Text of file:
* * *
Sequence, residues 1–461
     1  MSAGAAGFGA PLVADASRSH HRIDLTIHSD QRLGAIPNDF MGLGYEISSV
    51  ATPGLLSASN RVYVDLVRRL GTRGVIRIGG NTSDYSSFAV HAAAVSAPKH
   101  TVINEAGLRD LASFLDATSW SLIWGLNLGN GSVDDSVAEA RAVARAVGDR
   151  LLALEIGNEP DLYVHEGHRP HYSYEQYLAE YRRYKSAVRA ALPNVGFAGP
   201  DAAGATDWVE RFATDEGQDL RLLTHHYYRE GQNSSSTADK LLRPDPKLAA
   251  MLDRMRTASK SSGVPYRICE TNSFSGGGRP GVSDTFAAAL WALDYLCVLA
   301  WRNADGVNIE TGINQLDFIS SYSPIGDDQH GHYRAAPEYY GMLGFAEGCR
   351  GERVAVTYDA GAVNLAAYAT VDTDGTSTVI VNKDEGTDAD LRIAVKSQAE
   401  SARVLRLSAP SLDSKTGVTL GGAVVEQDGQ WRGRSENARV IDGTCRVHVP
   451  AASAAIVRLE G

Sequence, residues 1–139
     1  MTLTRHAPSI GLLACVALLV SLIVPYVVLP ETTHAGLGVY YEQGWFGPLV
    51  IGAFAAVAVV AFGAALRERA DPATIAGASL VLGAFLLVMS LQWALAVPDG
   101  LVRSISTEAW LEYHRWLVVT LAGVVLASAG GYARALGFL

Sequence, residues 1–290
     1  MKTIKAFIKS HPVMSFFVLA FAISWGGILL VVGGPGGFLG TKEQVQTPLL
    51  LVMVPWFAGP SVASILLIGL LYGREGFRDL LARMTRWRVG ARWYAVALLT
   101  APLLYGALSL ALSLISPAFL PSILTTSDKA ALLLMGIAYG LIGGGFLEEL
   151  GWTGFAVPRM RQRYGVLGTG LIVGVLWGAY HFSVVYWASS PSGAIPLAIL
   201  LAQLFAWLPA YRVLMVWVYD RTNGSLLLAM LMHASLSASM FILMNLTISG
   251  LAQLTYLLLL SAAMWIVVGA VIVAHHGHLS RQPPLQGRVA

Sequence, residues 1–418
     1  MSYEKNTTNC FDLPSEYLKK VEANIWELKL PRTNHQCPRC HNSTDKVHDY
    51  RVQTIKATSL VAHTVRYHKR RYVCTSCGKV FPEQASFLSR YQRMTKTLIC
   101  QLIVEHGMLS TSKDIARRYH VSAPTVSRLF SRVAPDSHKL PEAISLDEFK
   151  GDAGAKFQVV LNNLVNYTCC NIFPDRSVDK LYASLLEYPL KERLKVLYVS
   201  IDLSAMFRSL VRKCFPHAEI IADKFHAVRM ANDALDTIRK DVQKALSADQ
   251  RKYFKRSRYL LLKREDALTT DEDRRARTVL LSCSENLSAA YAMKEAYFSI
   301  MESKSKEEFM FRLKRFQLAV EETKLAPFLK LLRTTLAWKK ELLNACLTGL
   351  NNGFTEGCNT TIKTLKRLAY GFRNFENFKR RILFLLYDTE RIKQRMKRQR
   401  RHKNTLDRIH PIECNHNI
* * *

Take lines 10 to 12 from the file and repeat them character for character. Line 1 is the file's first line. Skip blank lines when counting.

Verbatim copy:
   401  SARVLRLSAP SLDSKTGVTL GGAVVEQDGQ WRGRSENARV IDGTCRVHVP
   451  AASAAIVRLE G

Sequence, residues 1–139